A huge part of our lives is our work, in fact, on average British employees spend 34 hours and 26 minutes a week at work, adding up to a huge total of 1,795 hours a year! With spending so long at work, staying as healthy and happy as possible is key to upholding a positive mental wellbeing, and ensuring that workers can perform as productively as possible.
You might not first think so, but everyone has mental health. Sometimes it’s good, and at other times it’s not so great. Everyone has the right to sound mental wellbeing, not just those that have been diagnosed with a mental health condition such as depression or anxiety. As individuals, we have a responsibility to look after our own mental health, but this responsibility is also held by employers. From new starters to heads of departments; every employee has the right to access the support they need to keep them happy and healthy at work.
Use the information below to gain an understanding of what your organisation can do to better manage and support mental health in the workplace, and help employees to be able to perform at their best both physically and mentally.
According to recent research by Mind, half of workers have experienced poor mental health within their current job. What’s more, 12.7% of all sickness absence days within the UK are related to mental health conditions. Unfortunately, these statistics are just the tip of the iceberg. This is because so many employees feel too embarrassed to talk about the struggles to their employer and suffer in silence.
However, mental health support isn’t just a priority for those suffering from pre-diagnosed mental ill-health. We all go through times when we’re struggling mentally, and require greater help and support at work. Luckily, there is so much that can be done to promote better mental health and wellbeing at work. From improving working practices and mental health initiatives to creating a more open workplace culture, you’ll be able to break down the stigma surrounding mental health, leading to more employees feeling like they can seek the support they need.
The benefit of this to businesses? Happier and healthier employees perform more productively and are less likely to be absent from work; saving your organisation money.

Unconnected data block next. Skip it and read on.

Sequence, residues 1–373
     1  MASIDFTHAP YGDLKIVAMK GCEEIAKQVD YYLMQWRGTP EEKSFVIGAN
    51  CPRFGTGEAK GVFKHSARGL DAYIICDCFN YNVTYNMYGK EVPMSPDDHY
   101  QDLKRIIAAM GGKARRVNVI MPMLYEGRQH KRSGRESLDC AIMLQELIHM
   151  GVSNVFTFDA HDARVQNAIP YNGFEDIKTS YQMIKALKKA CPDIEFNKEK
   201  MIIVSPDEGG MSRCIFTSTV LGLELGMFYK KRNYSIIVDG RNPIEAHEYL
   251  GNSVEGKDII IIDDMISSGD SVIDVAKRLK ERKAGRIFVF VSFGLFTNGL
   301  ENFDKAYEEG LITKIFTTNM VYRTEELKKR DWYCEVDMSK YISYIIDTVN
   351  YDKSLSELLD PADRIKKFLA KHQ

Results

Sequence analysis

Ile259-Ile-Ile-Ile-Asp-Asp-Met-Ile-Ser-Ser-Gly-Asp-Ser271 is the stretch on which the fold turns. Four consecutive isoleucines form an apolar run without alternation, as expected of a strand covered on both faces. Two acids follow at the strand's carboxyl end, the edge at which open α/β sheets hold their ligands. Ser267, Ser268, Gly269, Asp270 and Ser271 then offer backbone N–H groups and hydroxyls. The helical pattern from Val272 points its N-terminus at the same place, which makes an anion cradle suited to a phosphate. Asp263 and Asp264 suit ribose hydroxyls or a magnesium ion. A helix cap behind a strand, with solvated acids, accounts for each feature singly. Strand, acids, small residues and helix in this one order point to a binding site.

Mental health issues can be caused by, or worsened by work, whether that’s due to high workloads, animosity amongst colleagues, stress or even workplace conditions. Before offering support to employees, it’s important to understand how they are now. Ask them if everything is ok, or if you have noticed they’ve been quite upset, give them time to talk about what they’ve been going through. To carry this out across the entire organisation, get all those in senior roles involved, encourage them to make this part of their process when having 1 to 1s with employees for example.
By partnering with a corporate health provider such as LycaHealth, we are able to work with you to create a bespoke staff wellbeing strategy to suit your goals. Part of this strategy could involve corporate health assessments, creating mental health workplace policies and procedures, setting up mental health groups, offering mental health training sessions as well as providing access to a GP for those who require professional support. By having these processes in place, your organisation will be better equipped to proactively deal with employees’ wellbeing, rather than having to take a proactive approach once they’ve reached a crisis point. Not only does this help you to offer better levels of support, but it also saves costs in the long run.
Some of the signs an employee is suffering from poor mental health and wellbeing are:
Equipping managers with this knowledge puts them in a stronger position to be able to recognise the potential signs that an employee is struggling with their mental health. This will then put them in the best position to start a conversation with an employee about their mental state at the right time. However, it’s important not to make assumptions around what problems employees are suffering from, instead let them talk about them if they feel ready and comfortable to do so.
12.8 million working days are lost due to work-related stress, depression or anxiety each year, a staggering cost to UK businesses. More worryingly is that this fails to take into account the cost of presenteeism, replacing staff who leave their jobs due to poor mental health, unexplained sickness absence days due to mental health and unproductive employees underperforming due to a poor mental state.
Looking after your workforce’s mental health is just as important as taking care of their physical health, and will lead to a more productive team in the long term. In fact, according to recent statistics, better mental health support in the workplace can save UK businesses up to £8 billion per year, and enable productively to improve by as much as 12%.